Foxes are classed as wild animals, not pests (they have not been classified as vermin by DEFRA), therefore we do not have a responsibility to remove them from private or public property.

Controlling urban foxes is a contentious issue and yet there is no solution to the problem. Any attempts to remove them have shown that it is only temporary, and numbers soon return to their previous level. It is for this reason that we do not recommend people contact private pest control companies for fox removal. The fox is usually killed and whilst the homeowners may remain fox free for a few months, sooner or later they start to experience problems again.

However, we do realise foxes cause a problem for many residents and have provided information on how to live with foxes and how to deter them.

Information and control advice

Although classed as predators, foxes are lazy and prefer to scavenge for food, and towns provide the ideal environment for them to thrive. Foxes are now more numerous than they were 10 years ago, but current research suggests London’s fox population has reached its maximum limit. The rise in complaints and number of sightings is due to a change in the foxes’ behaviour, and this may be due to people feeding them. The average age for a London fox is 2 years, with road traffic accidents being responsible for 60% of all fox deaths.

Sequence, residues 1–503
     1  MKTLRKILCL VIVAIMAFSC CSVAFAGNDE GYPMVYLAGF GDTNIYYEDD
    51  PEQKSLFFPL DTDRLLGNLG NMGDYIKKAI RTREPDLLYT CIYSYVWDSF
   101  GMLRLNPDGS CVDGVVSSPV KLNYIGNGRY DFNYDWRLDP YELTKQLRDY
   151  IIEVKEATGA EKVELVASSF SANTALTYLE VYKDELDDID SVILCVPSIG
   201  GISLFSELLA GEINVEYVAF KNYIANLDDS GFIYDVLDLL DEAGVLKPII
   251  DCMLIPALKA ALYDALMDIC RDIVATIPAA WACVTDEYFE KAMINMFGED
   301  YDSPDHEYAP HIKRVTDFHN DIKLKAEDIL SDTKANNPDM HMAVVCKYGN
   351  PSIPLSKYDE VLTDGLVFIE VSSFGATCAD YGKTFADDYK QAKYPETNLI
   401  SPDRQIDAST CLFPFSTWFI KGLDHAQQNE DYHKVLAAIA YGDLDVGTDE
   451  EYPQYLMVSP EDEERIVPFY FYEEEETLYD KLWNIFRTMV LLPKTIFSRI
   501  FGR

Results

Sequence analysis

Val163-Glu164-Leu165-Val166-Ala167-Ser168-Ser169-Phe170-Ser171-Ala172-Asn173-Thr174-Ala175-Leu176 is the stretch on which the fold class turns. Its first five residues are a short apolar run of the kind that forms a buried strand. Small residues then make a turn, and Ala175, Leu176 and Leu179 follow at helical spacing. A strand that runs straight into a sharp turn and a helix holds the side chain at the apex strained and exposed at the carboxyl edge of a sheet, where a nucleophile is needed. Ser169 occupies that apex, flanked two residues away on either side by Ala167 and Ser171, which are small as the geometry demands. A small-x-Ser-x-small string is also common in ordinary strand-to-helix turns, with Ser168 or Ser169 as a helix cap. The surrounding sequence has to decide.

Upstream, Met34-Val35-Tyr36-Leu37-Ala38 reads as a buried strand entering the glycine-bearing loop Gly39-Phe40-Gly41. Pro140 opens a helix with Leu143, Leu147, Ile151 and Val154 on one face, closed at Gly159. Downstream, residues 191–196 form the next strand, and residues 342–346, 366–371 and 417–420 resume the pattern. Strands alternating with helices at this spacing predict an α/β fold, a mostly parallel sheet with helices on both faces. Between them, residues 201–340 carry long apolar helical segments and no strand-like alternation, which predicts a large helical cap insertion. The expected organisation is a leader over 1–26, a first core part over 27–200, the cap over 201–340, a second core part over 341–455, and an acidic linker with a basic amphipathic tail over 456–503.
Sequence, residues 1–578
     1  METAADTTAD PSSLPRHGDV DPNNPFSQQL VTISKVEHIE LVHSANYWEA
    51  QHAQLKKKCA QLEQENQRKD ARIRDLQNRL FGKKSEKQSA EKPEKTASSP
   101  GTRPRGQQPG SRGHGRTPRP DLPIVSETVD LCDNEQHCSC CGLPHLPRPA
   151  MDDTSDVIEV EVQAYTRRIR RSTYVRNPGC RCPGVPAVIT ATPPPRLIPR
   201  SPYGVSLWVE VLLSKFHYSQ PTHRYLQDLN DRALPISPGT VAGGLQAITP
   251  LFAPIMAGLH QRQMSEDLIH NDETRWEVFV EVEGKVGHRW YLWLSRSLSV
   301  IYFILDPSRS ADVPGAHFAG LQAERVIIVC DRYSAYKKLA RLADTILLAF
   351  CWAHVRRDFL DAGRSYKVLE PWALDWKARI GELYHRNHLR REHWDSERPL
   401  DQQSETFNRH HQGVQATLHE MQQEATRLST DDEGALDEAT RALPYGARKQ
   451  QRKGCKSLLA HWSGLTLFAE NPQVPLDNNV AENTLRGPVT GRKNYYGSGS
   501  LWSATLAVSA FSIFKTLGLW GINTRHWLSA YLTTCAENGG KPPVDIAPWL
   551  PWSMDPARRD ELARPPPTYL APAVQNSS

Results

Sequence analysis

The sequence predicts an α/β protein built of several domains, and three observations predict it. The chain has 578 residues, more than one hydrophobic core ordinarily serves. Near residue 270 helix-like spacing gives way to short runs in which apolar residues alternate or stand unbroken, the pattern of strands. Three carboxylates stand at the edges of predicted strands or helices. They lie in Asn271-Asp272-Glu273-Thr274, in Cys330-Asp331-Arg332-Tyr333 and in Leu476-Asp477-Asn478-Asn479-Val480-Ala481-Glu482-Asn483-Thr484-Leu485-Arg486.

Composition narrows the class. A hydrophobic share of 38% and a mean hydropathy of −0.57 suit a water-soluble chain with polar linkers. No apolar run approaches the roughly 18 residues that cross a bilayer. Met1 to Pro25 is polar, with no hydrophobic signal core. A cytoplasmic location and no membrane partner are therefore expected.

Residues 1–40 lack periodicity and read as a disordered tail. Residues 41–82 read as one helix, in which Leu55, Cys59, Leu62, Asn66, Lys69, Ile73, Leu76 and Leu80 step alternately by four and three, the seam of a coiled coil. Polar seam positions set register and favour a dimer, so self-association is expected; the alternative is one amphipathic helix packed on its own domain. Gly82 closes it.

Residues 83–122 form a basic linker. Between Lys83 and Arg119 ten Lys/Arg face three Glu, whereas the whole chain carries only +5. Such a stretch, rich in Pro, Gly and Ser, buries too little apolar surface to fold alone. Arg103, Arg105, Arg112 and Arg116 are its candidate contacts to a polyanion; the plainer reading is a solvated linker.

You should not poison foxes as this can put other animals and people at risk.

Do foxes attack people?

Generally, foxes fear humans and given the opportunity will run away. However, a fox may bite to defend itself if cornered. If a fox wanders into your home it is going to be confused and scared, so leave all the doors open and it will probably flee as quickly as possible.